There was a period in the Middle Ages where the English decided they should be ruling France as well as England.
They had a decent claim. Royal marriages were mainly about alliances and land grabs, but they came with consequences because if one line runs out of heirs, then what had looked like a useful marriage of convenience a couple of generations ago, suddenly becomes the senior surviving line and if that line is also the line of the Kings of England, then they have their own army and might want to pop across the Channel and do something about it.
Despite England being smaller, poorer and less-populated, they did just that and managed to rule large parts of their continental neighbour for the best part of a century.
A few years ago the L&D world was abuzz with the sound of people explaining that 70% of learning comes from experience, 20% from other people, and only 10% from formal learning events.
Thus the 70:20:10 model became the flavour of the month, and was used by Consultants everywhere to try to ram it into the stubborn heads of managers that a one-off tick-boxy training course is not a good way to help people get better at doing their jobs.
Like all things that are fashionable, it suffered the roller-coaster of fashion bias one minute, then anti-fashion bias the next, in turn exaggerating then obscuring the wisdom within the model.
Fashion Bias (noun, origin: just made it up): the tendency to overestimate the value of the latest thing because it is in fashion
Anti-Fashion Bias (noun, origin: just made this one up too): tendency to underestimate the value of the latest thing because it is in fashion
And lo, what had once been the answer to all L&D woes faded into the background to become yesterday’s news: a slightly awkward gimmicky sounding tool that people often took to mean that you should do a bit of job shadowing and watch a TED Talk once you’ve done the training course.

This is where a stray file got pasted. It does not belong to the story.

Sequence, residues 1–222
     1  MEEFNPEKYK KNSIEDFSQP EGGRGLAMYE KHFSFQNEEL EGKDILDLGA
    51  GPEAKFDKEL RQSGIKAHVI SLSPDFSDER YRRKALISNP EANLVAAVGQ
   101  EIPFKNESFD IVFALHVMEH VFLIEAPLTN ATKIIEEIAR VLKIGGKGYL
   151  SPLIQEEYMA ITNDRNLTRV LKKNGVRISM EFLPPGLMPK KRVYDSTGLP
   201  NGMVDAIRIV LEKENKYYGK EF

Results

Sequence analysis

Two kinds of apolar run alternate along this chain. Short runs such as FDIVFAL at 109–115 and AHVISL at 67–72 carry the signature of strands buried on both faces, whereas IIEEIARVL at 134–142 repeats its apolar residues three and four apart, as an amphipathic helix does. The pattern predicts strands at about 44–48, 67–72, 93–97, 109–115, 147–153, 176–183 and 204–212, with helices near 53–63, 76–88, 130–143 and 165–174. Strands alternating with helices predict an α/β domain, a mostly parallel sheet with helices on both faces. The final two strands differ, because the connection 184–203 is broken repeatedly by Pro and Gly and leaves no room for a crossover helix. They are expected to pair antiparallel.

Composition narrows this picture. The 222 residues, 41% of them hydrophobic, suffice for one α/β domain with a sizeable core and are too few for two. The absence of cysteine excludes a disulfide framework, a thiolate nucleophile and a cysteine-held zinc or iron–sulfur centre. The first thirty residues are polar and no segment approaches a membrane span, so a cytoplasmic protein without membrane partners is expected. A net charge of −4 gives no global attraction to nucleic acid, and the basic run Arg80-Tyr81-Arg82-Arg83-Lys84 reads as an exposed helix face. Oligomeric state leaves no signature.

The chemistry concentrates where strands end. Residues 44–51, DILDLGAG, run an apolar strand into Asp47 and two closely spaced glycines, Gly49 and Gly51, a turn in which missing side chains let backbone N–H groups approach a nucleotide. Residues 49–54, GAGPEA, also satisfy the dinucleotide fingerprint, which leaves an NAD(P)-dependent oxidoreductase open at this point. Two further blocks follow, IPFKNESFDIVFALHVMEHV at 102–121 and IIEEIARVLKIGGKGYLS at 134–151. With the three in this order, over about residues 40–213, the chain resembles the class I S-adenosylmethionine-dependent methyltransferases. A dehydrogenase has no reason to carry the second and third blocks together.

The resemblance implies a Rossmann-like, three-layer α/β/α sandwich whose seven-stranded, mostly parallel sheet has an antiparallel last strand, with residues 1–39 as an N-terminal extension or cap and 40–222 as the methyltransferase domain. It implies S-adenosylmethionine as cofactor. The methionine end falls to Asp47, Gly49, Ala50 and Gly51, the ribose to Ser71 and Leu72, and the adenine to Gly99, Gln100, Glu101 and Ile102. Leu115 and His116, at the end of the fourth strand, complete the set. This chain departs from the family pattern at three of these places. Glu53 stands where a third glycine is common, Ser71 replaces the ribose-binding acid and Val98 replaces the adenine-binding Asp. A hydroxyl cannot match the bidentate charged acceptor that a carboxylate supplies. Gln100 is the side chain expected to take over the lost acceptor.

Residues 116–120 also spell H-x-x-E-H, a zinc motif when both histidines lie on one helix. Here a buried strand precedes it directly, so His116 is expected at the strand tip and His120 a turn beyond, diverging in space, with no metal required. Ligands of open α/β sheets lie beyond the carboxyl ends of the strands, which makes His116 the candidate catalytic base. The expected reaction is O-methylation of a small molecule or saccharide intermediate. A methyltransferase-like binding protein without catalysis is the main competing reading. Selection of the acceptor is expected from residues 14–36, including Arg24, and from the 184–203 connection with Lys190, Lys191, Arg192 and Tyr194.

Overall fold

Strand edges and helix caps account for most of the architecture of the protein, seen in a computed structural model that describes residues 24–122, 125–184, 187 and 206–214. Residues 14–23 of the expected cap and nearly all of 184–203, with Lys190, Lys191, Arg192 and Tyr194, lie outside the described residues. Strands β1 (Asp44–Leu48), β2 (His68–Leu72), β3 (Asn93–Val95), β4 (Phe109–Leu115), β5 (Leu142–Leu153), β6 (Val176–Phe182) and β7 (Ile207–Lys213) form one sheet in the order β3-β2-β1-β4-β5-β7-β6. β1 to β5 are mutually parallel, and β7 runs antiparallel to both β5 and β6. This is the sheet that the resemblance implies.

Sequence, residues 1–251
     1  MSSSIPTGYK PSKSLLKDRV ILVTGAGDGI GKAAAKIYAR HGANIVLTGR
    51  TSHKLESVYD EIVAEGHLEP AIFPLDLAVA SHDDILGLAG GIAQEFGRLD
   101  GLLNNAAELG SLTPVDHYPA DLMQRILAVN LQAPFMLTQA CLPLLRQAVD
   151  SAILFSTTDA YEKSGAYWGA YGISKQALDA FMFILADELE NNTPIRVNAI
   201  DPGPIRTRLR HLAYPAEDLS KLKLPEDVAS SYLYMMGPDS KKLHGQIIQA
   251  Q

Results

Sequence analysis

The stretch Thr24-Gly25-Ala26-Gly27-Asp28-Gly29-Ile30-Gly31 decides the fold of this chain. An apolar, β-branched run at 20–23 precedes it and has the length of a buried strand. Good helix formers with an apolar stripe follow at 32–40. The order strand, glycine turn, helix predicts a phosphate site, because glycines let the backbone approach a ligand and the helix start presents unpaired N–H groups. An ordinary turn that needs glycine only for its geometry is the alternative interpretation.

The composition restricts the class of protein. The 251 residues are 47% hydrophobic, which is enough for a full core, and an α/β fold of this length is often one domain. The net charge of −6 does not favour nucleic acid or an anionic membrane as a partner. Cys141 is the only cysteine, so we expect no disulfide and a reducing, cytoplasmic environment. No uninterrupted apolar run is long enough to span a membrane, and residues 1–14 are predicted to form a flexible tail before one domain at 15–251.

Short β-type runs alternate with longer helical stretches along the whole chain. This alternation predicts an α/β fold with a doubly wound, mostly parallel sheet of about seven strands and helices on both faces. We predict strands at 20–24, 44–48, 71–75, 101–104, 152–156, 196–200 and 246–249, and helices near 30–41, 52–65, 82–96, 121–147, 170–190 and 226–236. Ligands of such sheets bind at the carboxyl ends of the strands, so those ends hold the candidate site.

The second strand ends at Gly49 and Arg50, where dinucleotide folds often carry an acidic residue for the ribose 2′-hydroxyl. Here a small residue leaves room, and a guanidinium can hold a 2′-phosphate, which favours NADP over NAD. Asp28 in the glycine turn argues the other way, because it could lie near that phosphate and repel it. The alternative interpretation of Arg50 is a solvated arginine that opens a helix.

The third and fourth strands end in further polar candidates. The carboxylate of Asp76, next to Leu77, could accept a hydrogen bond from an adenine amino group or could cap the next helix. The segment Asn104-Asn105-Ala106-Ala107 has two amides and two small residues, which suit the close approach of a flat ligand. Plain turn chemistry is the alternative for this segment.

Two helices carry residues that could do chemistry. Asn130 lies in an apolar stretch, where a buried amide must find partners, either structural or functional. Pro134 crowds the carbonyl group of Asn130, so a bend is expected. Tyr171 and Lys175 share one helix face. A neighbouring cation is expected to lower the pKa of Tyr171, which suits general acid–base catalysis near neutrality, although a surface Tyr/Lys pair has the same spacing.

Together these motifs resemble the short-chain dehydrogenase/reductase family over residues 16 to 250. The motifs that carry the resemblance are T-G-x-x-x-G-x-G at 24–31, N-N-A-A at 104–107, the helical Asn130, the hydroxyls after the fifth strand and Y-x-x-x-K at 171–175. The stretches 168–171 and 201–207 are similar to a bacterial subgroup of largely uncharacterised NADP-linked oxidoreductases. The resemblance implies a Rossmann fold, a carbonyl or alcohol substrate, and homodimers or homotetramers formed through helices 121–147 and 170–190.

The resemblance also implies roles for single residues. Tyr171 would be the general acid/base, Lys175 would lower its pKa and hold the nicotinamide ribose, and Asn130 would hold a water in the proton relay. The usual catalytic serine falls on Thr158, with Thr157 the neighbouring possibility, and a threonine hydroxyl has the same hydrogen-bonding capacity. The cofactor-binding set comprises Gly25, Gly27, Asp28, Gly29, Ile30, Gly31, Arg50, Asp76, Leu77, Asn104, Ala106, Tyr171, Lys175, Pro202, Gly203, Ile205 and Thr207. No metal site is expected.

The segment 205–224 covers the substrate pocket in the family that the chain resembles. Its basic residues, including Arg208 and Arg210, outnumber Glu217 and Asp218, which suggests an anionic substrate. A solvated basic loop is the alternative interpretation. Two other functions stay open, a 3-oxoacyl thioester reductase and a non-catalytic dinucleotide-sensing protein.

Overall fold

The problem with throwing out a model because it gets misunderstood and misused, and through familiarity ends up sounding a bit simplistic and old hat, is that one can accidentally also chuck out the good bits. I believe the metaphor to use here is the one about not throwing the baby out with the bathwater, but I’ve always thought that a rather dramatic and unfamiliar analogy: who hears that metaphor and thinks, “ah OK, now I understand thanks to my vast experience of accidentally throwing babies away“?
There are many reasons why the learning organization remains so tantalizingly elusive.
Like any big idea that’s about intangible stuff like culture and attitude, the concept suffers from being a bit wishy-washy and vulnerable to the told-you-so cynics who love to point out how all the stuff isn’t perfect.
It also asks people, employees and managers, to behave in ways that are not necessarily in their own short-term best interests. It requires people to be mature, professional, think long-term, share and collaborate, and create safe environments where people can make mistakes and learn.
Not only that, it’s a staggeringly ambitious vision for an organization. The standard definitions offer a glittery utopian future that few would see as undesirable, but most would fail to even know where to start, let alone be able to put together a coherent programme that would impress the finance department.
So, I thought I’d solve all of these problem by developing a three-stage definition that would also serve as a road-map.
This isn’t to suggest that this is simple. It isn’t. The road is strewn with obstacles, but let us not be deterred by the difficulty of the terrain, let us break it down and get stuck in …